Where will your retirement money come from? If you’re like most people, qualified-retirement plans, Social Security, and personal savings and investments are expected to play a role. Once you have estimated the amount of money you may need for retirement, a sound approach involves taking a close look at your potential retirement-income sources.
A growing number of Americans are pushing back the age at which they plan to retire. Or deciding not to retire at all.
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Workers 50+ may make contributions to their qualified retirement plans above the limits imposed on younger workers.
To choose a plan, it’s important to ask yourself four key questions.
There have been a number of changes to Social Security that may affect you, especially if you are nearing retirement.
Knowing the rules may help you decide when to start benefits.
It's important to make sure your retirement strategy anticipates health-care expenses.
For many, retirement includes contributing their time and talents to an organization in need.
This calculator compares a hypothetical fixed annuity with an account where the interest is taxed each year.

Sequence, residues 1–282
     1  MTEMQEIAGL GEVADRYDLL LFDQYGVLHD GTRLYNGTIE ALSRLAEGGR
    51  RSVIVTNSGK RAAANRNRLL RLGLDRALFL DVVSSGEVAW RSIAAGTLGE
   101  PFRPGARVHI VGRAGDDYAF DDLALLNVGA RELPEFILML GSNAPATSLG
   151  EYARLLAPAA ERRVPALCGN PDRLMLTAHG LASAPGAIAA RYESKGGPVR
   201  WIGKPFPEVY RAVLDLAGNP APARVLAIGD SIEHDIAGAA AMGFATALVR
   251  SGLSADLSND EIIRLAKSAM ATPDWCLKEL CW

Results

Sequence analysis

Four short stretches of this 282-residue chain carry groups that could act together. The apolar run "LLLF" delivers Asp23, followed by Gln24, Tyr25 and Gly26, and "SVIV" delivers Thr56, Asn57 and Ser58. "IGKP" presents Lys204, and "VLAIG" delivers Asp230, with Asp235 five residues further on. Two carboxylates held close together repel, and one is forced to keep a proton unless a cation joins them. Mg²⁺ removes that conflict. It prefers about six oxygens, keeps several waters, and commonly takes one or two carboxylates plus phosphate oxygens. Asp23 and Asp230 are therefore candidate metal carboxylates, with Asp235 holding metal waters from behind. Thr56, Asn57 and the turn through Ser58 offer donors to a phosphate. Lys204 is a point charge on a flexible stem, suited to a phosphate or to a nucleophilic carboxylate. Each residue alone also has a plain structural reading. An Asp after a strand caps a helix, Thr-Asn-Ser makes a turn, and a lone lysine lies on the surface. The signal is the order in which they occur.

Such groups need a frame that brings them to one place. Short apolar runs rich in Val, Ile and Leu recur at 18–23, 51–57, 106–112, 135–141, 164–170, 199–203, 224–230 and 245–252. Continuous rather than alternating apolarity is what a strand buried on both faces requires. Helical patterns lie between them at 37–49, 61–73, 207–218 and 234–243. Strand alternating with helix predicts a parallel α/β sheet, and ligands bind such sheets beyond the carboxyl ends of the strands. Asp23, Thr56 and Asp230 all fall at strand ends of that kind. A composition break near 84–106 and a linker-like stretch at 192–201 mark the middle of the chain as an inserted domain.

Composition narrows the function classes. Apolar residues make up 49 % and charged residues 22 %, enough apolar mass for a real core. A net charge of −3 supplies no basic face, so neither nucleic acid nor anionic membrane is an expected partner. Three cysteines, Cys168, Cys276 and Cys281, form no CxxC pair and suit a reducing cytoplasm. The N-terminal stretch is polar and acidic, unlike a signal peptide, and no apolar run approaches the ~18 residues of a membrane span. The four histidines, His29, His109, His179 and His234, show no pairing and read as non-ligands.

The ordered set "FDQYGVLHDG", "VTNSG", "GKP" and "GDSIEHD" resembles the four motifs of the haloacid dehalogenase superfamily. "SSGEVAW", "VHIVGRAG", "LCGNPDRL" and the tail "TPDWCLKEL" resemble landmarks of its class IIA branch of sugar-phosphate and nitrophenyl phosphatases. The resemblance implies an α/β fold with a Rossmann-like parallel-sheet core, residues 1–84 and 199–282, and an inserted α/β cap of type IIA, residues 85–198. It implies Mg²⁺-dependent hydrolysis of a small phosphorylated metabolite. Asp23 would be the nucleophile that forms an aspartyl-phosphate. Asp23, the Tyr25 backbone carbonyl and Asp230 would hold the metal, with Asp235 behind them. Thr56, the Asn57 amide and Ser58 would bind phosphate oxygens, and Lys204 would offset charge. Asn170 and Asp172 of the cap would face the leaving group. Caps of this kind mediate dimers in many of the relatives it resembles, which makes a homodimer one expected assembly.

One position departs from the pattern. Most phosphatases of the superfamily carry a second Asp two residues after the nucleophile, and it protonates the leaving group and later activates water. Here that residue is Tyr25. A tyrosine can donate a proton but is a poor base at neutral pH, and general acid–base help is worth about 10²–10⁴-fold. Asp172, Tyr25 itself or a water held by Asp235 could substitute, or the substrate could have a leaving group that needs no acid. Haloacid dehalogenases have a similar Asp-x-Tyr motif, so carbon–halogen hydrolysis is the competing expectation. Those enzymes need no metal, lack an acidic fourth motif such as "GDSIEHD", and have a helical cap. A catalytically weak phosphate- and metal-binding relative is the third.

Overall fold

Estimate your monthly and annual income from various IRA types.
This calculator may help you estimate how long funds may last given regular withdrawals.
This calculator compares employee contributions to a Roth 401(k) and a traditional 401(k).
Estimate the maximum contribution amount for a Self-Employed 401(k), SIMPLE IRA, or SEP.
Estimate how long your retirement savings may last using various monthly cash flow rates.
Here are five facts about Social Security that might surprise you.
A bucket plan can help you be better prepared for a comfortable retirement.
There are a lot of misconceptions about Social Security. Here’s the truth about three of them.
There’s an alarming difference between perception and reality for current and future retirees.
Why are 401(k) plans, annuities, and IRAs so popular?
What does your home really cost?